Somatoform Disorder Specialists Canfield OH

Local resource for somatoform disorder specialists in Canfield. Includes detailed information on local clinics that provide access to somatoform disorder specialists, as well as advice and content on somatoform ailments, psychologists, and psychosomatic diseases.

Nabila Lamey Sargious, MD
(330) 793-5566
6636 Covington Cv
Canfield, OH
Specialties
Psychiatry
Gender
Female
Education
Medical School: Ain Shams Univ, Fac Of Med, Abbasia, Cairo, Egypt (330-04 Pr 1/71)
Graduation Year: 1983

Data Provided By:
Anil Choudary Nalluri, MD
(330) 783-1147
3755 Sugarbush Dr
Canfield, OH
Specialties
Psychiatry
Gender
Male
Education
Medical School: Guntur Med Coll, Univ Of Hlth Sci, Guntur, Ap, India
Graduation Year: 1971

Data Provided By:
Michael Charles Bengala, MD
238 S Broad St
Canfield, OH
Specialties
Psychiatry
Gender
Male
Education
Medical School: Loyola Univ Of Chicago Stritch Sch Of Med, Maywood Il 60153
Graduation Year: 1979

Data Provided By:
Vincent A Paolone, MD
(330) 758-4070
5881 Cherrywood Dr
Youngstown, OH
Specialties
Psychiatry
Gender
Male
Education
Graduation Year: 2007

Data Provided By:
Robert James Brauer, DO
(330) 758-4070
970 Windham Ct Ste 6A
Youngstown, OH
Specialties
Psychiatry
Gender
Male
Education
Medical School: Des Moines Univ, Coll Osteo Med & Surg, Des Moines Ia 50312
Graduation Year: 1998

Data Provided By:
Daniel Frederick Barton, MD
(617) 665-1560
3685 Stutz Dr
Canfield, OH
Specialties
Psychiatry, Child & Adolescent Psychiatry
Gender
Male
Education
Medical School: Univ Of Tn, Memphis, Coll Of Med, Memphis Tn 38163
Graduation Year: 1999

Data Provided By:
Ehab L Sargious, MD
(330) 393-5566
4270 Pebble Beach Dr
Canfield, OH
Specialties
Psychiatry
Gender
Male
Education
Medical School: Ain Shams Univ, Fac Of Med, Abbasia, Cairo, Egypt (330-04 Pr 1/71)
Graduation Year: 1986

Data Provided By:
Richard W Murray, MD
(330) 965-9501
7366 West Blvd
Boardman, OH
Specialties
Psychiatry
Gender
Male
Education
Medical School: Univ Of Cincinnati Coll Of Med, Cincinnati Oh 45267
Graduation Year: 1949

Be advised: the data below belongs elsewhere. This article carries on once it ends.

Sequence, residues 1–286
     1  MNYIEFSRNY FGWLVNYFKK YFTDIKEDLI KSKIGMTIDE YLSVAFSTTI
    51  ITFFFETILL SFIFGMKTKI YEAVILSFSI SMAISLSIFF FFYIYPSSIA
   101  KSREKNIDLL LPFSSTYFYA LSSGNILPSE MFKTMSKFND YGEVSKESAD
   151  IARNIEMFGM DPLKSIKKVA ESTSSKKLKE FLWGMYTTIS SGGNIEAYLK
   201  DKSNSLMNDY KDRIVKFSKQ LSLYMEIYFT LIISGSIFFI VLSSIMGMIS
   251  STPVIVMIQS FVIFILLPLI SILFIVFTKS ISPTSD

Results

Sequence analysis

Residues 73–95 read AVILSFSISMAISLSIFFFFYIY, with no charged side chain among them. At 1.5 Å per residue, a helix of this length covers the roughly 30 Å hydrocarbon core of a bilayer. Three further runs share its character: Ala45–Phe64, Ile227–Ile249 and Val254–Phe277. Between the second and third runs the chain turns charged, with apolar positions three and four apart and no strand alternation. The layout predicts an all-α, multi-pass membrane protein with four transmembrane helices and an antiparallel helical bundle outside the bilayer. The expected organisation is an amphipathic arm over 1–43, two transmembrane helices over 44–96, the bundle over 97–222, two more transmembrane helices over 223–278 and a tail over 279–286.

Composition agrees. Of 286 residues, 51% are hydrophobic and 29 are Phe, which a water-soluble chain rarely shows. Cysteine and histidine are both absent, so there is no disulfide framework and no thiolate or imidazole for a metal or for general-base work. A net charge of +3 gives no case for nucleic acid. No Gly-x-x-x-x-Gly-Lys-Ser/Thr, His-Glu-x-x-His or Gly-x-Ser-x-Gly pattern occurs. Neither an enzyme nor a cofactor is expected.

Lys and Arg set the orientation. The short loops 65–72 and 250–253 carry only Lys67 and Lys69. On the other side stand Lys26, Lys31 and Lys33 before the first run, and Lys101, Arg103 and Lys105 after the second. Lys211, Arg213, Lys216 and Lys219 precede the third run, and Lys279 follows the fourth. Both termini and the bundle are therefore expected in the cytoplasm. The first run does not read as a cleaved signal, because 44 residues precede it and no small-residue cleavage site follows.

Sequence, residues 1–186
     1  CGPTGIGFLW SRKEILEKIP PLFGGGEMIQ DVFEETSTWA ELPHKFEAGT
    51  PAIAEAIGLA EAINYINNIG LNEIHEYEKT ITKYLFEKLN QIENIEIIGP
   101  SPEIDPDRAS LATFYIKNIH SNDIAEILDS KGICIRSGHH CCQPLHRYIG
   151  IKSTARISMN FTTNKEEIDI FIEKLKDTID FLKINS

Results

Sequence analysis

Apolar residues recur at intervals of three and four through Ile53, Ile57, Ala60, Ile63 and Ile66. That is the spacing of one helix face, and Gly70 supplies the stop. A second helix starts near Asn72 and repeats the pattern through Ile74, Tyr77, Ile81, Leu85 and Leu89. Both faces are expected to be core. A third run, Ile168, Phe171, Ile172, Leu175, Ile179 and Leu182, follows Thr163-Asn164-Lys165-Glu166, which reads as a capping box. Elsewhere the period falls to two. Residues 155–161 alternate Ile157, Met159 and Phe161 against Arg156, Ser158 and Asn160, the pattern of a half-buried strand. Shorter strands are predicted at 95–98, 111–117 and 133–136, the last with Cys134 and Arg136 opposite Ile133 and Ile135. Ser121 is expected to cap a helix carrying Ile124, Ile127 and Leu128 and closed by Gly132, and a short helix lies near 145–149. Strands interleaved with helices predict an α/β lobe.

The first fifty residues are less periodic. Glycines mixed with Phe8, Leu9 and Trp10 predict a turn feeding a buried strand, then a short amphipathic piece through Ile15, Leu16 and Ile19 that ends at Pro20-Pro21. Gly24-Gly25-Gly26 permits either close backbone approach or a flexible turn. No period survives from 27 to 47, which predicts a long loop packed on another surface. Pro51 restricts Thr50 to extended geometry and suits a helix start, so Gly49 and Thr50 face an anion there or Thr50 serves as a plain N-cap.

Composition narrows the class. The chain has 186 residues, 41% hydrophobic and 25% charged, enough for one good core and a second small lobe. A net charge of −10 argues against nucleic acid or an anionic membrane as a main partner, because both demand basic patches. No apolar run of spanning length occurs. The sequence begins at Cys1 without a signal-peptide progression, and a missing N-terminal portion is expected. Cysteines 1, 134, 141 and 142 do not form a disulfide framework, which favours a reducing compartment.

Data Provided By:
Maximo B Lockward, MD
955 Windham Ct Ste 2
Boardman, OH
Specialties
Psychiatry
Gender
Male
Education
Medical School: Suny At Buffalo Sch Of Med & Biomedical Sci, Buffalo Ny 14214
Graduation Year: 1991

Data Provided By:
Ronald J Yendrek, DO
(330) 678-7477
955 Windham Ct
Boardman, OH
Specialties
Psychiatry
Gender
Male
Education
Medical School: Ohio Univ, Coll Of Osteo Med, Athens Oh 45701
Graduation Year: 1989

Data Provided By:
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Accurate Diagnosis First Step in Treating Somatoform Disorders

All patients with chronic physical pain are not alike and shouldn't be treated the same. That's the basis of this article on somatoform disorders. Somatoform disorders refer to aches and pains that are amplified (blown out of proportion) because of underlying psychologic or emotional distress. Vague complaints of muscle or joint pain, fatigue, stomach problems, numbness and tingling, headaches, and so on are typical physical complaints associated with somatoform disorders. But despite all medical tests and lab work ordered, the physician is unable to find anything wrong. Treatment is general, rather than specific to the problem.

Somatoform disorders include a number of different problems all placed in this one category. These include somatization disorder, conversion disorder, hypochondriasis, body dysmorphic disorder, and factitious disorder. The common feature of all these disorders is symptom amplification. The main symptom is usually, but not always, pain. The lack of any evidence that there's anything physically wrong to explain these disorders has led some experts to suggest dropping somatoform disorders as a real diagnosis.

But that's where the authors of this article differ. They suggest that there's a definite need to look deeper and not only find ways to diagnose these problems but also to treat each one specifically. That's a concept they refer to as diagnosis-specific and patient specific treatment. And after briefly describing each condition, they offer some treatment guidelines with the hope that someday we will have specific guidelines for each different disorder, rather than general management techniques.

Health care professionals, especially psychologists and psychiatrists, depend on a publication put out by the American Psychiatric Association called the Diagnostic and Statistical Manual or DSM as it is more commonly referred to. The DSM includes criteria for each somatoform disorder such as signs and symptoms and known causes or risk factors. In addition to a brief review of each disorder, the authors added an extensive table comparing each disorder and offering physicians some treatment guidelines for each one.

Here's a brief summary of the main disorders. Somatization disorder includes vague reports of pain, gastrointestinal problems, sexual problems, and symptoms that suggest a neurologic problem but with no identifiable cause. The problems described by patients last for years and no medical condition can be found to explain them. Conversion disorder describes neurologic symptoms (e.g., numbness, paralysis, blindness, unable to speak) in response to mental, psychologic, and/or emotional stress. Usually, there is a conflict or stress that occurs just prior to the conversion taking place. In the past, conversion was referred to as hysteria. Women are affected more often than men (2:1 ratio).

Most people are familiar with the term hypochondriac -- someone who is always sick, afrai...

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